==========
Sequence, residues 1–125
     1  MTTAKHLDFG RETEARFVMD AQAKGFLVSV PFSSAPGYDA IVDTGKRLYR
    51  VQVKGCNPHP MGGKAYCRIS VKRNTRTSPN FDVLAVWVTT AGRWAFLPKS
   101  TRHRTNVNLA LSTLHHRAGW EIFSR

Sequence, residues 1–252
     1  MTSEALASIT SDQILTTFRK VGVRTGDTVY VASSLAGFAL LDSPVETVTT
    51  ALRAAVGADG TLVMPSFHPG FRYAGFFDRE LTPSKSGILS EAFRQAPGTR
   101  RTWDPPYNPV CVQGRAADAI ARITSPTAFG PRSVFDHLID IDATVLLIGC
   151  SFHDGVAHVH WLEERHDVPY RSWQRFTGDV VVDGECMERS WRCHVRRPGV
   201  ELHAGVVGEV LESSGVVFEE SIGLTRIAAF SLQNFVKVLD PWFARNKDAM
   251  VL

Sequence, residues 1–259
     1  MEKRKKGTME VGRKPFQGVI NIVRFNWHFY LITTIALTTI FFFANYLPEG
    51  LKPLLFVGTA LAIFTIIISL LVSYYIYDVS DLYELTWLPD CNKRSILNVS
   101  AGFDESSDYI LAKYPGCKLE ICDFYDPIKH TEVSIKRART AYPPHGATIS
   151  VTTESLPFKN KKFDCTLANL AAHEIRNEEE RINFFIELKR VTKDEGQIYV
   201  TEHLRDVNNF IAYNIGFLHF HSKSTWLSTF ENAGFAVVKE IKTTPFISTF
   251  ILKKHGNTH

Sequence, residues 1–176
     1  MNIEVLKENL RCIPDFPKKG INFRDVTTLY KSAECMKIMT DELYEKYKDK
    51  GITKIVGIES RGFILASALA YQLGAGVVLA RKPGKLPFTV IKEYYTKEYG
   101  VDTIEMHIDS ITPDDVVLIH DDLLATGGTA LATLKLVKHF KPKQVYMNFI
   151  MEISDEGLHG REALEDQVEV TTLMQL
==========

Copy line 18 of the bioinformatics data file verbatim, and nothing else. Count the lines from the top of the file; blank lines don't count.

   251  ILKKHGNTH